I hear birds chirping in the small forest that exists between my apartment block and the neighbours. I get up to grab a glass of water from my filtered rainwater catchment and step out onto my balcony. The skyline is brimmed with treetops and green buildings. I take a deep breath of the purified air, close my eyes and sigh, it was only a bad dream.

Addiction hit its peak as our city was on the brink of death. I remember how our waste systems were strained, constipated and unable to digest the garbage we threw at it. I remember how our infrastructure crumbled, like collapsed arteries no longer to able to sustain their vital function. I remember our skies black with smog, like a smoker’s lungs on his last cigarette. I remember our data networks, like a one-way channel, coveting information and stockpiling it without consent. I remember our broken economy, rewarding short-term gains, like an addict obsessed with his next high, losing sight of the bigger picture.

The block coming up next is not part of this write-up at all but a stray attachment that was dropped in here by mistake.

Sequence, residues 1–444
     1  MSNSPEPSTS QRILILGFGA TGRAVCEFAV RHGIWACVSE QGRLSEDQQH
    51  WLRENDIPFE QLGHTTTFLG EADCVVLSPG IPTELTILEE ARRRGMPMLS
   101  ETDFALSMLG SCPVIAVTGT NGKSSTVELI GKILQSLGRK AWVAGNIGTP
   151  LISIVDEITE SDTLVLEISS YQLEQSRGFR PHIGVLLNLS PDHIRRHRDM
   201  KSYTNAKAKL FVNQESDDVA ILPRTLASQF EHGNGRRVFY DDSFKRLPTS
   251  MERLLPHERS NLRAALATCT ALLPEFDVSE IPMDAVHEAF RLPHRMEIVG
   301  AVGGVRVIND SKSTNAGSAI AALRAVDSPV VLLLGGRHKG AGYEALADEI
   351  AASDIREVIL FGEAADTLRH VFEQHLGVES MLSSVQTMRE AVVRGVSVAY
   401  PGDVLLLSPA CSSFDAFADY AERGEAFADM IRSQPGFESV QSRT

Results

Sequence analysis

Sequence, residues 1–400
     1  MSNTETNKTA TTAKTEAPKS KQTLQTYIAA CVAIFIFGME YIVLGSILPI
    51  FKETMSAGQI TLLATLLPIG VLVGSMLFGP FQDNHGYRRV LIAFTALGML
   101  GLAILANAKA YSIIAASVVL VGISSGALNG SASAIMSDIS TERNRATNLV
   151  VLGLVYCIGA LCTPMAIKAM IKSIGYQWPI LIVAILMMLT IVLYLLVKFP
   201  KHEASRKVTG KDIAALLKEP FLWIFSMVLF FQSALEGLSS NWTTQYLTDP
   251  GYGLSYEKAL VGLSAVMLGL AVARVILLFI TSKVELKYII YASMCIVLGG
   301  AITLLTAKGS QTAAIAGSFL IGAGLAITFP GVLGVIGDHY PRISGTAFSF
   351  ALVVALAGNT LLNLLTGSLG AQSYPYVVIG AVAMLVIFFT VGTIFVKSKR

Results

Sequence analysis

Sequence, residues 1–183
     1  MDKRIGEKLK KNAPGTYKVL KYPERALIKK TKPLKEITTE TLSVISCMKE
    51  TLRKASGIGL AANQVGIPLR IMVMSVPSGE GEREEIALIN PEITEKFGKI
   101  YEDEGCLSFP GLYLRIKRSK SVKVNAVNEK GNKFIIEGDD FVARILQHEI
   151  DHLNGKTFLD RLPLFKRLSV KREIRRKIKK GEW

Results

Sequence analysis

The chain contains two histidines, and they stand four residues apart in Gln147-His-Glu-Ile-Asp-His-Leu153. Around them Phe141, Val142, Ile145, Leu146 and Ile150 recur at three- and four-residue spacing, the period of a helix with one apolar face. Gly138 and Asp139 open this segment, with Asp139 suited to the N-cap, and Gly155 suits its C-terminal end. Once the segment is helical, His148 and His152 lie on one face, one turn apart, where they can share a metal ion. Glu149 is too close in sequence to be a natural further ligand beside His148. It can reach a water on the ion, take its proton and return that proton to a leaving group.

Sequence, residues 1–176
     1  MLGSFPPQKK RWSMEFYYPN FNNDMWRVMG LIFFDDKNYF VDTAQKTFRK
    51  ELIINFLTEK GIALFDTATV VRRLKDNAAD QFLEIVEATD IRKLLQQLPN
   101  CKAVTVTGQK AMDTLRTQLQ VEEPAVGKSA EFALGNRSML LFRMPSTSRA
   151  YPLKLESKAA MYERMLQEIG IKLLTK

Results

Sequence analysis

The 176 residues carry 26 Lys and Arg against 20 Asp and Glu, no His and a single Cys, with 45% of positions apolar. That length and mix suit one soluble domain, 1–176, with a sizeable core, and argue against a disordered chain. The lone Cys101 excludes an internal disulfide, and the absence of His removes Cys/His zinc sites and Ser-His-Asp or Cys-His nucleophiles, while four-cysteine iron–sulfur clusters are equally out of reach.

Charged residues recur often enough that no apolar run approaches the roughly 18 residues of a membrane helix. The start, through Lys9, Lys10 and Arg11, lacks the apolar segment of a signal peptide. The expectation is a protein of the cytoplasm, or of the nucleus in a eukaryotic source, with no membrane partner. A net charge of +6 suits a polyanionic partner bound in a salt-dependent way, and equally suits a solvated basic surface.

Although there were decades of clear warnings, it was 2020 when we finally hit rock bottom. It was now or never, I remember them saying. Our dependence on fossil fuels was killing us and there was only one way out: reinvent or die.

So we reinvented. 

In its rehabilitated form, the city is a self-regulating organism, one that is molded and governed by nature, instead of rebelling against it. Unlike its troubled former self, the city is buoyant, supple, integrated with nature and resilient to its forces. Most importantly, the city is regenerative and self-sustaining by design and stays well within the safe operating space of our planetary boundaries.